MP Bilal Abdallah told Arab News: “Emotionally, we are all in solidarity with the Palestinians and distressed by the killing that is taking place against the innocent. There is no arguing on this matter. But expanding the war zone is a matter that needs to be studied.”

Abdallah said: “If opening the Lebanon front is required, this has its own calculations and consequences.”

He added: “Let us look at the prospects of the ongoing clash, whether it is rectified with a cease-fire or if it escalates.”

The MP said that Lebanon “cannot afford any involvement in what is happening, so let it be a complete front and not only Lebanon, but rather open the Golan fronts all the way to Jordan.”

Abdallah added: “The existing communication in the region involves redrawing their map, and this presupposes the need to avoid rushing to judgment.”

However, another popular sentiment among the Lebanese public is that the issues facing their own country should be dealt with first, before foreign affairs are considered.

The Lebanese internal crisis was aggravated by the announcement of the Electricite du Liban (EDL) on Friday that electricity supply has begun to decline after Turkey’s Karpowership, which supplies the country through two floating stations, said it had “suspended supplies due to payment arrears, and after a legal threat to its stations.”

A spokesperson said that the company “regretted turning off the generators,” adding that it had “made every effort to avoid taking this decision.”

Lebanon receives 370 megawatts of electricity from the company, about a quarter of total supply.

The country may face critical electricity problems unless, according to the EDL statement, a speedy decision is made regarding a controversial treasury advance of 300 billion Lebanese pounds ($196 million) for the resumption of tenders for the buying of fuels, especially gas.

The EDL has also urged officials to secure hard currencies for production, transportation, and distribution, to ensure a minimum level of stability in Lebanon’s electricity supply.

Jordanians march to border in solidarity with Palestinians

Jordanians march to border in solidarity with Palestinians
Updated 44 min 40 sec ago

Jordanians march to border in solidarity with Palestinians

Jordanians march to border in solidarity with Palestinians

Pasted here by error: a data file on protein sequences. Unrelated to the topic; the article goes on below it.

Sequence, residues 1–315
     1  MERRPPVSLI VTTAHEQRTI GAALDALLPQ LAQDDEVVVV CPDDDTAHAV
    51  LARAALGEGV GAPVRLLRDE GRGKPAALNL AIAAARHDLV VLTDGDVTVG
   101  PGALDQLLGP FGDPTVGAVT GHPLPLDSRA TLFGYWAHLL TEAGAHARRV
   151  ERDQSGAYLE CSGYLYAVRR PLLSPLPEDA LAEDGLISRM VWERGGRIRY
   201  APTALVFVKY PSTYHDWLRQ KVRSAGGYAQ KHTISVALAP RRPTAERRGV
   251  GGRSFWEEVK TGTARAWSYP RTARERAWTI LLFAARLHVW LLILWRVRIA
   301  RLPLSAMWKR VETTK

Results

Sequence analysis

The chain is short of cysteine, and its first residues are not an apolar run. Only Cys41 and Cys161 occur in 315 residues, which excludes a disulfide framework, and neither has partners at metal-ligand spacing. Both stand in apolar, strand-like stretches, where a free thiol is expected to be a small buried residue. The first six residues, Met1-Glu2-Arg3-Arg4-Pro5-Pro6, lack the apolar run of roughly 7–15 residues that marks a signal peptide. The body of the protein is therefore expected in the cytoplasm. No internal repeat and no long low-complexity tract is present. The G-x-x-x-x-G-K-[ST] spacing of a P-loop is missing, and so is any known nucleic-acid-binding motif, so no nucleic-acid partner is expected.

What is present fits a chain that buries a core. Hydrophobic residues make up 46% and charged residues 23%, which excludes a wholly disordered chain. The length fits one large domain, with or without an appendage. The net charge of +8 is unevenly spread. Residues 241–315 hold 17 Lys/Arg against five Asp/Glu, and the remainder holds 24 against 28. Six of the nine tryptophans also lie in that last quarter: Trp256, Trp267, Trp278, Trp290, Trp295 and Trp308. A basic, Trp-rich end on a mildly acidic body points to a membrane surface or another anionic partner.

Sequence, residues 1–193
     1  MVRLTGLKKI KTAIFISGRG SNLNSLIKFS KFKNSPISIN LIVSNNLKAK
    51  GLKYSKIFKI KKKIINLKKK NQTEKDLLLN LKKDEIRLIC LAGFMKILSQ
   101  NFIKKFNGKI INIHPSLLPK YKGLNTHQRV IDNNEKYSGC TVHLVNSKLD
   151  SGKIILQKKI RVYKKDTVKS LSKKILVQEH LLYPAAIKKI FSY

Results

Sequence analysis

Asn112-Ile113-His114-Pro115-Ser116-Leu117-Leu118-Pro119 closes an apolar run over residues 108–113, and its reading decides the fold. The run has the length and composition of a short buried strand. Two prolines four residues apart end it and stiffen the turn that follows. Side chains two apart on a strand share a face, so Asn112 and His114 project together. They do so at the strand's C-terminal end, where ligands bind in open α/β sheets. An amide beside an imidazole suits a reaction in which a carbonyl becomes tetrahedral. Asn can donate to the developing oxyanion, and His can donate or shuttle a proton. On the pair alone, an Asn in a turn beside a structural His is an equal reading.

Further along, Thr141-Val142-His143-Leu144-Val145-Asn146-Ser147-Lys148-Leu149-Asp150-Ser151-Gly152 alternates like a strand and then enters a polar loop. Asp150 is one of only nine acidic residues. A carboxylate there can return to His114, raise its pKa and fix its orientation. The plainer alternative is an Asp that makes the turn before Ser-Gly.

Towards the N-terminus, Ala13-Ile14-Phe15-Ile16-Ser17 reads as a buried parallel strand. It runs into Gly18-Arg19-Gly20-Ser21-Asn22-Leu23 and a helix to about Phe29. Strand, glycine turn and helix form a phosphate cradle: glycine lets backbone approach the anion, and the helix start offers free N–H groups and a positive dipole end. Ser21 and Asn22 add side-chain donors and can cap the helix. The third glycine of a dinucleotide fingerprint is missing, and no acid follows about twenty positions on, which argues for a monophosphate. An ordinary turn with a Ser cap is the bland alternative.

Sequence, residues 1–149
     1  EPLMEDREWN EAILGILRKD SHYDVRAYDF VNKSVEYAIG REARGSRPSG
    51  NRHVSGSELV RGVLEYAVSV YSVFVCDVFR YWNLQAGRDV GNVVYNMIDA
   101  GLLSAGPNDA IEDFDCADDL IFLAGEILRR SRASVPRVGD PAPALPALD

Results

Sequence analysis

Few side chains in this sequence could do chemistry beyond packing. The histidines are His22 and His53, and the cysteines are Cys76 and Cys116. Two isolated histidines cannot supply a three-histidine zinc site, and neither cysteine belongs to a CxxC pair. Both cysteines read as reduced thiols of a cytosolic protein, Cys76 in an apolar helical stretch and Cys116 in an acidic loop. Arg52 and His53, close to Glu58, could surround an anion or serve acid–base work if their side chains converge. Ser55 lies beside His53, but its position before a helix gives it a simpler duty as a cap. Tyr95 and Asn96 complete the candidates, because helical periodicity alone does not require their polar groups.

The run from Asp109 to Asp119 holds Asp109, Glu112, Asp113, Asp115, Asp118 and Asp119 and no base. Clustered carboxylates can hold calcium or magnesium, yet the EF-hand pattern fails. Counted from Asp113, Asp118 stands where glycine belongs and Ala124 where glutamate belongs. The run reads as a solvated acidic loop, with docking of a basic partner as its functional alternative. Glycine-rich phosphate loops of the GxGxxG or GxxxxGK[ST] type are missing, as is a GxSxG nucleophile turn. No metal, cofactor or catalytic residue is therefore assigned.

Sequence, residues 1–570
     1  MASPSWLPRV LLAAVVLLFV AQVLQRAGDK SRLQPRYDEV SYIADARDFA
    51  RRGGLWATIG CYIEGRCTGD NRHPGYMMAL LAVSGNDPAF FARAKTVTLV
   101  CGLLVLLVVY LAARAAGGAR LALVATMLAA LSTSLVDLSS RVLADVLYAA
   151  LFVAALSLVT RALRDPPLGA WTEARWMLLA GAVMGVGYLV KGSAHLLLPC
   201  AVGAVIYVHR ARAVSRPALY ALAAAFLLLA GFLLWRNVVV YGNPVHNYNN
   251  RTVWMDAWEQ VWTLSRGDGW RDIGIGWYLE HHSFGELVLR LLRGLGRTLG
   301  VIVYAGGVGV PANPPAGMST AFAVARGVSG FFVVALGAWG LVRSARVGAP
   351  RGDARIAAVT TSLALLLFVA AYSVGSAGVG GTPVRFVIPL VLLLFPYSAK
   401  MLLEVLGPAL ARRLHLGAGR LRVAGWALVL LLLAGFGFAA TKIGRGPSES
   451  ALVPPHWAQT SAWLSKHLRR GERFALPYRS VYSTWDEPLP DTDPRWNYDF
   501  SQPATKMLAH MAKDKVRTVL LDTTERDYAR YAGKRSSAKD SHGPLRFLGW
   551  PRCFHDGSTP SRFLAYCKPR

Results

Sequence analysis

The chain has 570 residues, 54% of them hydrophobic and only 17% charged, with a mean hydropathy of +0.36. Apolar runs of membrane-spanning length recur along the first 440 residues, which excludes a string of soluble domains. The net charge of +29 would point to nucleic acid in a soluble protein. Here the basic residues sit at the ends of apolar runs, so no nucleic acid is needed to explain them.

• Protestors demand government open border to Palestinians, end diplomatic ties with Israel

AMMAN: Hundreds of Jordanians held an impromptu protest near the Jordanian border with the occupied Palestinian territories on Friday, calling on their government to take action over the escalating conflict in Israel.

The event, quickly organized on social media, was held near the village of Karameh in the Shouna governorate under the slogan “yalla (let’s go) to the borders.”
The protesters, waving Palestinian and Jordanian flags, gathered near the monument for the martyrs of the Battle of Karameh, and called on the Jordanian government to open the border. 

The monument is a poignant location, as the site of significant Jordanian-Palestinian military resistance against an Israel Defense Force (IDF) offensive in 1968, leading to the eventual Israeli withdrawal from the village on the eastern bank of the Jordan River.

Mohammad Hmeidi, a doctor who attended the protest, told Arab News: “Our goal … is to pressure the government of Jordan to cut off its relations with (Israel), to cancel the Gaza deal and to kick out the (Israeli) ambassador as a sign of solidarity with the Palestinian people in the occupied territories.”

Protesters chanted slogans in support of Palestinians in Jerusalem and Gaza, shouting “millions are willing to die and become martyrs.”

They also chanted in support of Mohammad Deif, leader of Hamas’s Izz Ad-Din Al-Qassam Brigades, which are currently engaged in rocket attacks and counter strikes with the IDF.
Jordanian security forces broke up the protests when demonstrators came too close to the border. A spokesman for the police said they had used reasonable force with some of the protesters, after they entered several private properties and caused damage.
Adnan Abu Odeh, a former adviser to Jordan’s King Hussein, told Arab News that the protests are important for their symbolic value. 

“It is Friday and Jordanian youths are unemployed. This event is important, especially in that it gives emotional support to Palestinians, but the real problem for Israel is within — the crime of apartheid between Israelis and Palestinians, which had been hidden since 1948, is now obvious for all to see,” he said, referring to a recent report by Human Rights Watch accusing Israel of enforcing an apartheid system across the country.

Abu Odeh said he was unsure whether this would tempt Jordan to recall its ambassador from Tel Aviv, however.

“Jordan had exhausted all its efforts at the UN. It has provided the defense team fighting the eviction of Palestinian families from Jerusalem’s Sheikh Jarrah neighborhood, with all the documents in its possession,” he said.

“It all depends on whether the Israelis will continue their onslaught, or accept the offers for a ceasefire.”

US report blasts Turkey for restricting religious minorities

US report blasts Turkey for restricting religious minorities